updated 8/16/2004 9:33:53 AM ET 2004-08-16T13:33:53

The 2-year-old twins whose conjoined heads were surgically separated this month, are making a rapid recovery, one of their surgeons said.

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“They’re behaving like babies who have had a craniofacial operation half as long as theirs,” said David Staffenberg, one of the boys’ surgeons at Montefiore Medical Center.

The Filipino twins, Clarence and Carl Aguirre, underwent a 17-hour procedure to be separated on Aug. 4.

May move to separate rooms
Carl, who has been more subdued than his brother, still refuses to eat solid food, but officials said Sunday that his spirits have improved.

“Carl is smiling for the first time since the operation, and Clarence is back to his old self,” said Steven Osborne, a spokesman for the hospital.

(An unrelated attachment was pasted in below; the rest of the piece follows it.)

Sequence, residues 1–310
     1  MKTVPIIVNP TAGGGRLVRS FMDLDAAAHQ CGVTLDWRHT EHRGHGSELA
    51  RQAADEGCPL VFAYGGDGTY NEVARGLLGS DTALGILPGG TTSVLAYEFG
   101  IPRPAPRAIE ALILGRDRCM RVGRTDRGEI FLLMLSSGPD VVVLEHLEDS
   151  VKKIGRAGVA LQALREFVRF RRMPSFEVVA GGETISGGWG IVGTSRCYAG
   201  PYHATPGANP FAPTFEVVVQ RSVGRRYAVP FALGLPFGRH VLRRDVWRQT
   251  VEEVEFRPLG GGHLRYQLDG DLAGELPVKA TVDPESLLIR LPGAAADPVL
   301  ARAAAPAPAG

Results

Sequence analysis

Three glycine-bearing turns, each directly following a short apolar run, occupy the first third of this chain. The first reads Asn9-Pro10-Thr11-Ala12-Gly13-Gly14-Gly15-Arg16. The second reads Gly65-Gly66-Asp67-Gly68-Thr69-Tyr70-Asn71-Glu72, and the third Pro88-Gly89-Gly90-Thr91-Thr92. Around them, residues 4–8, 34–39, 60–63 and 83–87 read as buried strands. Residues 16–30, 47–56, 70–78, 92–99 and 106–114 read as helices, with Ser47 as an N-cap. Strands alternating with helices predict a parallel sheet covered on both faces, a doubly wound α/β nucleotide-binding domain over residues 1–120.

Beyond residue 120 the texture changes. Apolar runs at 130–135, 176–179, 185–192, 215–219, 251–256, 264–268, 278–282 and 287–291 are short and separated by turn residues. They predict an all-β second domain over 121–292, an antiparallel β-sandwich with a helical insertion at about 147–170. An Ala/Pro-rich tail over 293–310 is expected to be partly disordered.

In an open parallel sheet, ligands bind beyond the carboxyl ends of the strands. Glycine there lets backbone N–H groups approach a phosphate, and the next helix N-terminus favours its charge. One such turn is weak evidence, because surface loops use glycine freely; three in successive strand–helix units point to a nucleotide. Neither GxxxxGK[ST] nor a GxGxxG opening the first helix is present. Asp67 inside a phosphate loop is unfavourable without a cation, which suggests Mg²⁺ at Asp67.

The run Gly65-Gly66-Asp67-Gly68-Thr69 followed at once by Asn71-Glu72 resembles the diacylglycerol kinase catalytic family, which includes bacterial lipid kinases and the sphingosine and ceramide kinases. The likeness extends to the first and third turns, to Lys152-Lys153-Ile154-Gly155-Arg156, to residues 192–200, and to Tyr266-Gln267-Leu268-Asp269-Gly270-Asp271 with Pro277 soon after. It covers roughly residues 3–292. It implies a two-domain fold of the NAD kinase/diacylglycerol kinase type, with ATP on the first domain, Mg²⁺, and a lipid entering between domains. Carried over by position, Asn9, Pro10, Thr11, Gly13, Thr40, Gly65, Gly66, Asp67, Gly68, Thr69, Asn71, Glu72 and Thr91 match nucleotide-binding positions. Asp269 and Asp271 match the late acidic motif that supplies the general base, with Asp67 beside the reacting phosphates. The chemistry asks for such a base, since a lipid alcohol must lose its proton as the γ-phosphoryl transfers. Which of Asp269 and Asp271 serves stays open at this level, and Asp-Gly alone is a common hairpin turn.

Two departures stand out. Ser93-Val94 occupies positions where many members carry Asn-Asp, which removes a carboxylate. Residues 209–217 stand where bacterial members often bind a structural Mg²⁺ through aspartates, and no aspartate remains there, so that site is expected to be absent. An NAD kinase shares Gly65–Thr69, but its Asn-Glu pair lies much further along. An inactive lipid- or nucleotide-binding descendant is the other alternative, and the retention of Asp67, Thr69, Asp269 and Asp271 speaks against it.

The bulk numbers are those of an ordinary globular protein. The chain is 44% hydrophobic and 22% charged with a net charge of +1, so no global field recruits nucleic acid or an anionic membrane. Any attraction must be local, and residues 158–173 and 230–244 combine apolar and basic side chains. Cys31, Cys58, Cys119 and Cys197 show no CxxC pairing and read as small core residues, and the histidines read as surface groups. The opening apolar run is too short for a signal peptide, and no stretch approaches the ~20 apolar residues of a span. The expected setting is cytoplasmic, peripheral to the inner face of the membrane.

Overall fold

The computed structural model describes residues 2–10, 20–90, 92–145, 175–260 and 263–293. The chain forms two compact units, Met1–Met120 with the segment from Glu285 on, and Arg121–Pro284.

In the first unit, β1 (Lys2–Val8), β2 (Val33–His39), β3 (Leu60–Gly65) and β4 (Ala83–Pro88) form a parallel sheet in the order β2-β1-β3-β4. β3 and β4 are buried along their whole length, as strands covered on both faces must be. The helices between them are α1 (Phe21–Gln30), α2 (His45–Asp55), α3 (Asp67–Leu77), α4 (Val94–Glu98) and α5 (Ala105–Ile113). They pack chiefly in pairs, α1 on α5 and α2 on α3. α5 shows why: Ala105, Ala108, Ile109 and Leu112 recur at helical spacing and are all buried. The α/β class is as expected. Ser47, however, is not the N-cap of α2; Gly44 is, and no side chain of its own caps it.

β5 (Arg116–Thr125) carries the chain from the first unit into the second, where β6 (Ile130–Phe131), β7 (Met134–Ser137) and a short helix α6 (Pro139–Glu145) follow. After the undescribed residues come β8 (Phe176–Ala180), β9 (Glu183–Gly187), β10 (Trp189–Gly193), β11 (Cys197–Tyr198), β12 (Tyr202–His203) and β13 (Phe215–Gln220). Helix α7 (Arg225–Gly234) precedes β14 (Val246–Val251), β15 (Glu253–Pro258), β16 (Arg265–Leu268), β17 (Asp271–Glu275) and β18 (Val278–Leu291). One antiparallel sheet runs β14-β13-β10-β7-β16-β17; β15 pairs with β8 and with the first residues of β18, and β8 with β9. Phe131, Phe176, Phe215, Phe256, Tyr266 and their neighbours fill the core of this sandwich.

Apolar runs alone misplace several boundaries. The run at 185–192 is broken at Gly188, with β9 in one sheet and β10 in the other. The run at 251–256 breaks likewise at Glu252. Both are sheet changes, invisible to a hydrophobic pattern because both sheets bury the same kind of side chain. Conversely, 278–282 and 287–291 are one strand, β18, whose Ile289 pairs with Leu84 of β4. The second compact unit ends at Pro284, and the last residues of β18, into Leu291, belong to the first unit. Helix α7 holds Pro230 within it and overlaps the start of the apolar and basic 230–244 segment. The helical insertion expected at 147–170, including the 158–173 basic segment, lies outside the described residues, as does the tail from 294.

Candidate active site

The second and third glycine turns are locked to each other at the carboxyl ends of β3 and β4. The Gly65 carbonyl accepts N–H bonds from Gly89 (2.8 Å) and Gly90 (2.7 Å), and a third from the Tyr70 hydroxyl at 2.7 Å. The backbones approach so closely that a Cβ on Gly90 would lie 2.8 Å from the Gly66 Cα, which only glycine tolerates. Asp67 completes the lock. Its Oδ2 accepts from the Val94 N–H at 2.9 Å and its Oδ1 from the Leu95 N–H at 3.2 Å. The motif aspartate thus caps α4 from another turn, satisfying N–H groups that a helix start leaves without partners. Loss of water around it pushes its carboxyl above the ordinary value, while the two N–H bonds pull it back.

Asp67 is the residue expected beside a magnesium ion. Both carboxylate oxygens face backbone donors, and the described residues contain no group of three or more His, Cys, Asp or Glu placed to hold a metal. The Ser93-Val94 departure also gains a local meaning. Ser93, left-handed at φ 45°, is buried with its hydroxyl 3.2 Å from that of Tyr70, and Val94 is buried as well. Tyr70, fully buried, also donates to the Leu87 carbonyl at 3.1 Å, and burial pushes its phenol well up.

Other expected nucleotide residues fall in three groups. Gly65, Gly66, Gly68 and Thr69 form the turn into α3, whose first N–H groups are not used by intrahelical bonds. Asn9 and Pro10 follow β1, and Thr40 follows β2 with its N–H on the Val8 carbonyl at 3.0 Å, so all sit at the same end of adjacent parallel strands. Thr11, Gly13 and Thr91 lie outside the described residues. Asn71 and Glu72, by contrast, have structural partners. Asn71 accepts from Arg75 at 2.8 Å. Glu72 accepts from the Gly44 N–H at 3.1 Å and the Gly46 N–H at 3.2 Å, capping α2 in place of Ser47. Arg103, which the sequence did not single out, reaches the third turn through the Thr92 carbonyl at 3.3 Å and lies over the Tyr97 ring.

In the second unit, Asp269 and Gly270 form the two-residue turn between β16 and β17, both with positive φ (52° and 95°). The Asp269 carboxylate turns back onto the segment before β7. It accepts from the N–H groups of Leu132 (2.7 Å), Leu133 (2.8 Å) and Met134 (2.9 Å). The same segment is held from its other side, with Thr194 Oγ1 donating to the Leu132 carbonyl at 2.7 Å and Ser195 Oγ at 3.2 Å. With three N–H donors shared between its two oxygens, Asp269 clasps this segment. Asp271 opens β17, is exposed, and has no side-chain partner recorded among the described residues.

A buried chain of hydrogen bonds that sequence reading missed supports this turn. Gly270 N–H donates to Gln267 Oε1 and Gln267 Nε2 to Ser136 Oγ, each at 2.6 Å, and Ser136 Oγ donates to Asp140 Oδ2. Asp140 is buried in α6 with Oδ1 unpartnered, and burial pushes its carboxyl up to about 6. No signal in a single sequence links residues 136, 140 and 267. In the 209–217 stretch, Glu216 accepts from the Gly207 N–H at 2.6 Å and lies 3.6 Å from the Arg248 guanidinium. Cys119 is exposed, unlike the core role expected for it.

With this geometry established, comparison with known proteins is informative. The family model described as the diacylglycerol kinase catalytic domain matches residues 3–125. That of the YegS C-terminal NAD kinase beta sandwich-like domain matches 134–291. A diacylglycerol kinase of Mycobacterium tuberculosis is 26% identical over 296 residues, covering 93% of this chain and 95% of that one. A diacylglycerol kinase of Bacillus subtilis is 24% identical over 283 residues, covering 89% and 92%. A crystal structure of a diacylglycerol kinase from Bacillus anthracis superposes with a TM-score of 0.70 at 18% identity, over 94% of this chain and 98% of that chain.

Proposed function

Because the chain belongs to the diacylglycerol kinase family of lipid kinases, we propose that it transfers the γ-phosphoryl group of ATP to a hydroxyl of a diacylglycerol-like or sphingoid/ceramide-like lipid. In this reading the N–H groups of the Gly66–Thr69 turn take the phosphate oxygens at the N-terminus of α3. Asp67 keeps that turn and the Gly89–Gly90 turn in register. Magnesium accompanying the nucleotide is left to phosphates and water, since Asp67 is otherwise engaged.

Clarence, who has always suffered from hypertension, is off his blood pressure medicine with no adverse reactions, Staffenberg said.

Over the weekend, Clarence smiled widely as the boys’ mother, Arlene Aguirre, played with him, and he made fish faces by puckering his lips, Osborne said. Clarence also was keeping time to recorded music with his rattle and a new set of jingle bells.

Doctors were considering moving the boys to separate rooms “to care for them better and to make sure no infections go back and forth,” Osborne said.

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